Skip to main content

Verified by Psychology Today

Dunning-Kruger Effect

Ignorance Isn't Always Bliss: The Dunning-Kruger Effect

Part 2: Research shows that not knowing can actually hurt you.

In my first post on the Dunning-Kruger Effect (DKE) we reviewed some basic research about the ways in which ignorance makes it difficult to judge your own performance and knowledge. If you read it, you already know that the phrase "Ignorance Is Bliss" doesn't always hold.

For reference, findings by Dunning & Kruger revealed that those individuals who were least capable in a particular area of knowledge were most likely to overestimate their capability.

It seems that this mistake in judgment exists both because those who are most ignorant/incapable have no standard to which they can compare their own knowledge and performance, and the fact that they rarely receive transparent feedback about their performance. (If you haven't seen the Schitt's Creek episode where Alexis auditions for a play, you're going to want to click here right now and then come back; it's a pretty solid summary of the whole thing.)

I touched a bit on methods to combat this effect in the previous post — assess your knowledge, don't just believe you know. In this follow-up, I'll address that topic more while also discussing those most vulnerable to DKE and its broader impact.

Is Ignorance Bliss?

It's possible that for some people ignorance really is bliss in some cases, but in terms of getting ahead in life, I’d argue that ignorance is typically a problem. According to Dunning and Kruger, ignorance is behind a great deal of incompetence. The researchers assert that incompetent people will:

  1. Overestimate their abilities. They think they are better at something than they really are. The assumption is that they will therefore promise to deliver on things they simply cannot.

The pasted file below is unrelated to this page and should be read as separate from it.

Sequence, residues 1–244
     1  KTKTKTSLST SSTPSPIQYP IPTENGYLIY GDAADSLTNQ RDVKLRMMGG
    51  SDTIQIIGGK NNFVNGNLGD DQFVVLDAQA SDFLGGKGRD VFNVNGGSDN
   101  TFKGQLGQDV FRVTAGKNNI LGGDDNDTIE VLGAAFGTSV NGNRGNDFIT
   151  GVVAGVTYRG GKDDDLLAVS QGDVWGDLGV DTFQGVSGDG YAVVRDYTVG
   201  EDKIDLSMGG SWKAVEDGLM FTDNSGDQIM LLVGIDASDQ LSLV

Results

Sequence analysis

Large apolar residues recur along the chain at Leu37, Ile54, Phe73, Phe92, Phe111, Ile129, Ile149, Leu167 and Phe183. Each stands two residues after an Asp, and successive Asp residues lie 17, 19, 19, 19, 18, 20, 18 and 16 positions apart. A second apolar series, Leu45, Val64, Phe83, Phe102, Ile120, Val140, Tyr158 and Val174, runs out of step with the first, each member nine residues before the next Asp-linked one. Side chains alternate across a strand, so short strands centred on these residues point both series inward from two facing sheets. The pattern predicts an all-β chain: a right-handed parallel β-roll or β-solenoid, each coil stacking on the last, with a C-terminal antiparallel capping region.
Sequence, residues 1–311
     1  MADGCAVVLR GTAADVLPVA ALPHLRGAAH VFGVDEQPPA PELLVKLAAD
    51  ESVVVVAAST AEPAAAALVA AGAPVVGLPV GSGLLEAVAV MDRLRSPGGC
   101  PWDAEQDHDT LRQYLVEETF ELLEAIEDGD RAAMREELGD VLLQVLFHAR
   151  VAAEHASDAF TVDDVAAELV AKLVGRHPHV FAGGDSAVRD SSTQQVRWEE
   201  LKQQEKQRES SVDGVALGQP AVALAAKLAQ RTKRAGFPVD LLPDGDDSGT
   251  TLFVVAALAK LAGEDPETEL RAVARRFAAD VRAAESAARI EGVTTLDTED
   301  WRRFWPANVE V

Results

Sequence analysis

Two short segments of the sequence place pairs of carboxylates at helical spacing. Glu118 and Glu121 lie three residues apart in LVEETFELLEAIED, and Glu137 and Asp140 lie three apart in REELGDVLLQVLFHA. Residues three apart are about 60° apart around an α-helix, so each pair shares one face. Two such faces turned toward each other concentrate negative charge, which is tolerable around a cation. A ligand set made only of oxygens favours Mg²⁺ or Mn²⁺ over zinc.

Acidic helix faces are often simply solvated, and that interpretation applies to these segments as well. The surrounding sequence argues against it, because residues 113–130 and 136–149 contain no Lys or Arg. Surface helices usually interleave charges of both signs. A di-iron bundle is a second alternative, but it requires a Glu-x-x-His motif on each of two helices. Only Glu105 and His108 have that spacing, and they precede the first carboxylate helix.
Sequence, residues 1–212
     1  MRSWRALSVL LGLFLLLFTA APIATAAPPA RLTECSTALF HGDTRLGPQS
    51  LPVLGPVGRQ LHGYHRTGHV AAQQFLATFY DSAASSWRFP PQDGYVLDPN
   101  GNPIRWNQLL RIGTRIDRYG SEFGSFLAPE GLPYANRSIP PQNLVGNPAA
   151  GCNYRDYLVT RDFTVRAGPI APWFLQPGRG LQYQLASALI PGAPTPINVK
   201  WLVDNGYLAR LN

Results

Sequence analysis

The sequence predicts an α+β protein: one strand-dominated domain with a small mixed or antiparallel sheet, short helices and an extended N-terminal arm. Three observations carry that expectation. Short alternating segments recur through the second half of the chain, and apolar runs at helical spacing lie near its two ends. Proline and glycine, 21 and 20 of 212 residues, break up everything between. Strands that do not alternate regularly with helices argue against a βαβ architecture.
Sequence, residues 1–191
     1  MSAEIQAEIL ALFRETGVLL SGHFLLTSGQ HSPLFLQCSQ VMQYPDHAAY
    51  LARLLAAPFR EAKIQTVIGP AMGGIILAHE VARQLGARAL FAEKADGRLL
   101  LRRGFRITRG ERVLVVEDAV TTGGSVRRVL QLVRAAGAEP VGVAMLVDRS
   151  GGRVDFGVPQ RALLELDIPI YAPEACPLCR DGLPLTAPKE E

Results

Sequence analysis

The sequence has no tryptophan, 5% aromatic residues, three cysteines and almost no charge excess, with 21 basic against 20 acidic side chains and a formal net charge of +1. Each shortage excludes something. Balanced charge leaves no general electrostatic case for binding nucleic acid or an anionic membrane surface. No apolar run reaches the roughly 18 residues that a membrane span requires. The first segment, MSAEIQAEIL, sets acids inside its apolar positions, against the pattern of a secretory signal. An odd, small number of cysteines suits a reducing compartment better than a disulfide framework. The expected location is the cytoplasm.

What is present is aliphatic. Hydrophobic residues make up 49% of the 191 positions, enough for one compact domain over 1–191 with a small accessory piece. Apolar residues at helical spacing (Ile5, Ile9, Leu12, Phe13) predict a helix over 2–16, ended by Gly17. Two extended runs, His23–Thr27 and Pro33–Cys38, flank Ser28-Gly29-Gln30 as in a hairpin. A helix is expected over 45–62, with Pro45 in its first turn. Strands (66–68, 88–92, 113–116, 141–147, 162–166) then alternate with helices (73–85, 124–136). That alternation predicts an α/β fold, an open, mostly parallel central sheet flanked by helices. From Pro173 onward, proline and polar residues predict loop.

2. Fail to recognize genuine ability in others. They are blinded to the skills of others. This can cause them to hire the wrong people in employment situations as well as in everyday life.
  3. Not recognize the extremity of their inadequacy. They are unaware of what they don’t know and could make risky decisions as a result. Making them unable to then judge the poor outcomes of their own performance and the performance of those they relied on.

Ignorance isn’t sounding all that blissful now, is it?

You can imagine hiring an accountant who cannot provide real financial insight or a contractor who cannot deliver on a project; if you aren't able to judge the incompetence and respond, there could be real consequences - people lose their jobs, businesses close and lives are ruined.

Worse yet, someone falling victim to the DKE might take these projects on themselves and fail miserably and outrageously and then further fail to see how their incompetence led to the failure itself.

If you've ever met someone who is quick to blame others for all of their mistakes, they might be a DKE victim and not know it.

In the first business I ran myself I knew I had to hire experts to do certain work, but there were certainly areas of knowledge in which I had to rely on a professionals' word regarding their expertise because I had no way to personally measure their capabilities. It's a scary place to be, but only because I knew that there could be consequences for misjudging.

But here's the thing: We can all fall victim to the Dunning-Kruger Effect.

Why does the DKE occur?

The Dunning-Kruger Effect occurs because incompetent individuals lack what cognitive psychologists call metacognition in a specific area of knowledge. What is metacognition? It's the ability to think about your own thinking and behavior, which helps you know how well you are performing. Metacognition helps you know when you're judgment is likely to be accurate, and when you're likely to have a lot of uncertainty.

For example, the ability to do a mathematical equation. The skills that enable you to calculate a mathematical problem are the same skills required to recognize if the solution is correct or if a mathematical mistake has been made.

In our society, confidence is seen as one of the most important traits we can have. Many of us would rather save face than risk looking inadequate (think to yourself for a moment, have you ever NOT known the answer to something but made up a response to look competent?). Instead of celebrating the person who is unsure about themselves and is contemplative, we look to the person who is confident in their skills even if they have little to show for it. So people who lack knowledge try to make up for it by confidence.